On the set of a dilapidated office space, a play of wit, brash charm and dramatic tension ensnares the audience in its universe of dark frivolity.
Directed by Susie Kemple ’08 and produced by Yotam Barkai ’08, the Yale Dramatic Association’s production of Richard Greenberg’s “The Violet Hour” introduces and resolves (somewhat) the story of a struggle for love, success, understanding and time. While occasionally lapsing in momentum and clarity during the two hours of production, the work succeeds in creating tangible characters whose unfortunate entanglements and relations boldly challenge the audience’s perception of moving — and occasionally disturbing — themes.
The following story grows much more complex as it progresses. Set post-WWI on April 1, 1919, in the paper-strewn office of independent publisher John Pace Seavering (Chad Callaghan ’07), the play concerns John and a choice that involves high stakes. Despite his privileged background, John has only enough capital to produce one book and therefore must choose between two authors.
The first is Denis, or Denny, McCleary (Lee Seymour ’09), John’s impoverished and brash but gifted college friend. His manuscript, also entitled “The Violet Hour” (poetically named after the New York hour during dusk), is so unruly that it lives in a trio of crates beneath John’s desk. Denny must publish his book in order to win the seal of approval to marry the enchanting heiress of the meat-packing industry, Rosamund Plinh (Alexandra Trow ’09), with whom he has fallen madly in love. From his first entrance, Seymour fills the stage with boyish energy, making full use of all props on the stage and peppering John with philosophical ramblings and copious punch lines.
John, however, is also besieged by Jessie Brewster (Natalie Paul ’07), the popular black jazz singer who also happens to be John’s clandestine mistress. In writing her autobiography, she is determined to make her story known to the world. Meanwhile, John and his frazzled, high-strung assistant Gidger (Andrew Ash ’08) must also deal with a machine that has mysteriously appeared in the office, spewing out pages with messages revealing alarming events and facts from the future.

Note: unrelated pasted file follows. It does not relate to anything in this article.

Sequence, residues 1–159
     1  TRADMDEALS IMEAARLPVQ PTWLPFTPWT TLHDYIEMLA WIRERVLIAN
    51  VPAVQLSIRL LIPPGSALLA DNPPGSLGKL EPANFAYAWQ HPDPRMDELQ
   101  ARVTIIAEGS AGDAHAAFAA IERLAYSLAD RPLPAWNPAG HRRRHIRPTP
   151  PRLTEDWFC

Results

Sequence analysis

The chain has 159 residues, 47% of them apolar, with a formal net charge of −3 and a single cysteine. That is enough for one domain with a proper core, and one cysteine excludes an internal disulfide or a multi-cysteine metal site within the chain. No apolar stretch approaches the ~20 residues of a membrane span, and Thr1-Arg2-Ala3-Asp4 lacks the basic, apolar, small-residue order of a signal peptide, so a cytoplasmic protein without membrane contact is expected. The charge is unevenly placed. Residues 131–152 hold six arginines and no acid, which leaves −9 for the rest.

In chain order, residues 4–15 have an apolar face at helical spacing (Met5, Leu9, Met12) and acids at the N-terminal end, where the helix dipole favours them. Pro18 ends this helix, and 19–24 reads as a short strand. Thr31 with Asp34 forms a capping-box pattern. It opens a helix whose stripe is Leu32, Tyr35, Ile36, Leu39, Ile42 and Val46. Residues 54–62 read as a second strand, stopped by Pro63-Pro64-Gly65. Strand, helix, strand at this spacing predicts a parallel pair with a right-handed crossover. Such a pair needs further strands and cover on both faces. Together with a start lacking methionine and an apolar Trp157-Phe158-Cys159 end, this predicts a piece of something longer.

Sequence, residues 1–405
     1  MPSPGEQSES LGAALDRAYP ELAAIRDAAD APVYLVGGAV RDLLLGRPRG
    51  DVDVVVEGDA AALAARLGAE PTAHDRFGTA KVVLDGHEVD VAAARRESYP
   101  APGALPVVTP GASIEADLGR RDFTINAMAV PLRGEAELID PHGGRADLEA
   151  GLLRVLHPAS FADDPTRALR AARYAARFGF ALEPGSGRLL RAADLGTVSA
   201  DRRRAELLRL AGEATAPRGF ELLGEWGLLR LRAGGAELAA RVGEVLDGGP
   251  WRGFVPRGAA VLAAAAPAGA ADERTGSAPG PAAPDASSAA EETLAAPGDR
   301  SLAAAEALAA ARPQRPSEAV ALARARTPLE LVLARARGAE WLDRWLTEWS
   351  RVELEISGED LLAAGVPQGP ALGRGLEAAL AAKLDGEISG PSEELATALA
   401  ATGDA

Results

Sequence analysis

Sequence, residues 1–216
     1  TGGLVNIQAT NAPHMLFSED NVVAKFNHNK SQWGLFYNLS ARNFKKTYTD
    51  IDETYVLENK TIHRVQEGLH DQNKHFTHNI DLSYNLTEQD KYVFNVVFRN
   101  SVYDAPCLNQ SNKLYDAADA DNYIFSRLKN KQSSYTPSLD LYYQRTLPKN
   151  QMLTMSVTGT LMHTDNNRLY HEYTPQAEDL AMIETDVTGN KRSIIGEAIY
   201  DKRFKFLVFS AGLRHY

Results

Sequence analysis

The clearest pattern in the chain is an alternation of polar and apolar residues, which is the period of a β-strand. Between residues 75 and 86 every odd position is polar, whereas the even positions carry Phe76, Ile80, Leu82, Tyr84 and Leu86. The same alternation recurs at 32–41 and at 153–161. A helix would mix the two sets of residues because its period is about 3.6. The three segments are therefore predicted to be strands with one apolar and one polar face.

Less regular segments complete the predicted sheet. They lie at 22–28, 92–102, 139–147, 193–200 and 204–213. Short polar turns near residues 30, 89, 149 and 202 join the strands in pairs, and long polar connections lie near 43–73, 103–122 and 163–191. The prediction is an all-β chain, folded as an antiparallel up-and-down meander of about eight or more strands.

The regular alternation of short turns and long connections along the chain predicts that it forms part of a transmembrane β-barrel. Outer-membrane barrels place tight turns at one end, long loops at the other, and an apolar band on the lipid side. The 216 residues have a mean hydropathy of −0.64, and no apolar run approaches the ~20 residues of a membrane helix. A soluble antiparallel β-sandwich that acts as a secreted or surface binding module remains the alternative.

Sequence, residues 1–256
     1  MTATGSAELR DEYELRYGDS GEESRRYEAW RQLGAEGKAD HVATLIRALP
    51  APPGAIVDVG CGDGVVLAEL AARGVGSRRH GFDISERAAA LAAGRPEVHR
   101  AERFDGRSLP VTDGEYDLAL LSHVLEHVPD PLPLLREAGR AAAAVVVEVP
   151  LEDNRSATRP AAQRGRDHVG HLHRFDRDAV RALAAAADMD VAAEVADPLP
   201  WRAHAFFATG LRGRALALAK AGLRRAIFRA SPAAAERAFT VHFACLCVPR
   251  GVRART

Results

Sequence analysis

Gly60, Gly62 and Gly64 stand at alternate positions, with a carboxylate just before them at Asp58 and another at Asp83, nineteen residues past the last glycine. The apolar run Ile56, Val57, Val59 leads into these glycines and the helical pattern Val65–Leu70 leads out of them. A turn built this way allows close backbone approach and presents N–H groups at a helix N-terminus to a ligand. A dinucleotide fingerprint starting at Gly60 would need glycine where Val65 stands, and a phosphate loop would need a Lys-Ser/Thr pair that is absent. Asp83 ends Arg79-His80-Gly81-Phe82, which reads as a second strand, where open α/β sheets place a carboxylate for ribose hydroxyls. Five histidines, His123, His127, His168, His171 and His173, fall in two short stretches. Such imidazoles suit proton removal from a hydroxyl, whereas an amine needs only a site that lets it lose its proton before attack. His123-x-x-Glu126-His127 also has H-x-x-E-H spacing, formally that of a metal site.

Every character in “The Violet Hour” is in some way extremely lost and desperate. Callaghan, as the main character, notably carries the momentum of each scene. His strength lies in his tiny but effective gestures, which communicate more to the audience than his words. Ash is another clear crowd-pleaser, providing comic relief in between moments of melodrama and confrontations. Though his character spends half the time on the sidelines, awkwardly waiting for his cue, Ash delivers his one-liners with precision and punch. A few gems include “Oh, God, we are never again eating red meat!” and “I am going to have my dog murdered.”
The other actors also perform with solid precision throughout most of the play. Paul especially carries herself well throughout her love scenes with John and during her breakdown in the second half of the show. Trow plays a convincingly “superficial” heiress driven mad by the confines of her privileged life, though her characteristic laugh sounds forced a few times. While monologues are satisfactorily delivered, a few climactic scenes between characters are held back from their full potential by clumsy staging, particularly when actors have their backs turned to the audience, preventing a clear view of face expressions and gestures.
A prominent feature of “The Violet Hour” is the appropriate setting and lighting. The fragmented walls of the office aptly reinforce the idea of instability in the play, and all furnishings and props lend to the atmosphere of a “mad scholar.” Through the use of Technicolor lights and ominous gear-ticking sounds, scenic designer Emily Appelbaum ’08 and sound designer Liam Andrew ’08 successfully portray the presence of the mysterious “machine” without needing to show it on stage. Also, subtle dimming and brightening of lights between scenes involving different characters enhance the distinct moods of different relationships.
“The Violet Hour,” despite a few shortcomings, is a worthy production that will keep audiences entertained until the end, which is somewhat predictable and anticlimactic. While John mocks Denny’s manuscript as a “violet horror,” this production, with the help of a talented cast, promises to be anything but.